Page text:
While experiencing conflict it is easy to fall into the mindset that you are against your partner, as if you are on opposing teams. Conflict is usually a product of a misunderstanding or miscommunication. It is important to remember that you and your partner are not fighting each other, but rather battling the miscommunication between you. When your mindset shifts to the belief that you and your partner are on the same team, facing a problem together, your aim may be to seek an understanding, rather than to gain a win.
2) Focus on the issue at hand
In the midst of a fight with your partner, it can be very easy to fall into the habit of bringing up past issues of conflict. As you can imagine, this escalates the fight, and instead of discussing one issue, you are now dealing with many. At this point, the conflict becomes messy. It is important to focus on the primary issue you are disagreeing on, and once you have both communicated your feelings, and feel heard by each other, you can work towards a resolution to the single issue at hand.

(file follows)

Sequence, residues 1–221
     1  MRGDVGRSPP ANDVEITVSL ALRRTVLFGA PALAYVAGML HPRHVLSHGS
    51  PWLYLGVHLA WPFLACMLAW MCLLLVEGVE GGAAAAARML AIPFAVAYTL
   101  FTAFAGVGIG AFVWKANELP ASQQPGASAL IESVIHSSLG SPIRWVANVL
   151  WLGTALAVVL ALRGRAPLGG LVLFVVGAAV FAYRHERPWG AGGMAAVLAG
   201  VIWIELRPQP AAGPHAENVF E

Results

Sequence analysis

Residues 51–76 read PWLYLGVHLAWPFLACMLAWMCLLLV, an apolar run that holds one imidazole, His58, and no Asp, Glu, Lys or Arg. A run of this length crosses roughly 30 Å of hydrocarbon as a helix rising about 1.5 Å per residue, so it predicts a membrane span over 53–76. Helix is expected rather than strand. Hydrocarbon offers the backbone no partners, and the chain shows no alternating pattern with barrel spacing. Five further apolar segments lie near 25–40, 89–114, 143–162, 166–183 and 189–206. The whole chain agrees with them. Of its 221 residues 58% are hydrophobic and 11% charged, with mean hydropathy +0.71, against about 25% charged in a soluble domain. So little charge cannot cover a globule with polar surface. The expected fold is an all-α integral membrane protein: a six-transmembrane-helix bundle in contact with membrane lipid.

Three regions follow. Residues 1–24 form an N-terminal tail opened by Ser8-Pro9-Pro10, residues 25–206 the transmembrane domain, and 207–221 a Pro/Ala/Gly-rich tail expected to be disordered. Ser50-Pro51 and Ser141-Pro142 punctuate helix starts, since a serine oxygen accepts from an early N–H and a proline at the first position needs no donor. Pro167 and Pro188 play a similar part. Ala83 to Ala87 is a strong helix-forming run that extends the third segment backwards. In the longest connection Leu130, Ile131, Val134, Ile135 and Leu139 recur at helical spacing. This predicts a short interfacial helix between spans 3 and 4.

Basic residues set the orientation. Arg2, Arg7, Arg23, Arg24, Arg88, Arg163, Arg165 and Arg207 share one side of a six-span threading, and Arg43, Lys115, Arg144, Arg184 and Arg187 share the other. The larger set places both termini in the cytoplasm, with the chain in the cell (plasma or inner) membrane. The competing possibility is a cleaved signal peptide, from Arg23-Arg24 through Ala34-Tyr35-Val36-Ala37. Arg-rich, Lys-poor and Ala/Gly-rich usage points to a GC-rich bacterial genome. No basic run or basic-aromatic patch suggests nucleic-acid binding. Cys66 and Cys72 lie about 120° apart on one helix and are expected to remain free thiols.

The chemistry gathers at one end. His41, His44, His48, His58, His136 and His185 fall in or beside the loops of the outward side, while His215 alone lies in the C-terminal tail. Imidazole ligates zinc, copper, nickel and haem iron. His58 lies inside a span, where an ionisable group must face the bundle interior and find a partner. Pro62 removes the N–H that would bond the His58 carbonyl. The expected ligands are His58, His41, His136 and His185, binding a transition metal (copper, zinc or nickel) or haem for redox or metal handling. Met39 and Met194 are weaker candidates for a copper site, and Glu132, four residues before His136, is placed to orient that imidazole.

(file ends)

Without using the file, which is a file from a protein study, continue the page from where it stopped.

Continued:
3) Take a deep breath, communicate calmly and listen to your partner
Calm and open communication allows conflict to become more rational and solution driven. Open communication refers to speaking with transparency, and avoids casting judgement. As conflict rises in intensity, it can become overwhelming. Taking a breath, thinking before you speak, and focusing on calm and respectful communication will start to diffuse the tension. Once calm, you are able to listen to your partner. Listening doesn’t mean agreeing, it means parking our own views to create a safe space for our partner to be heard and understood. When both partners can achieve this they are much more likely to work through conflict successfully.
4) Use I Statements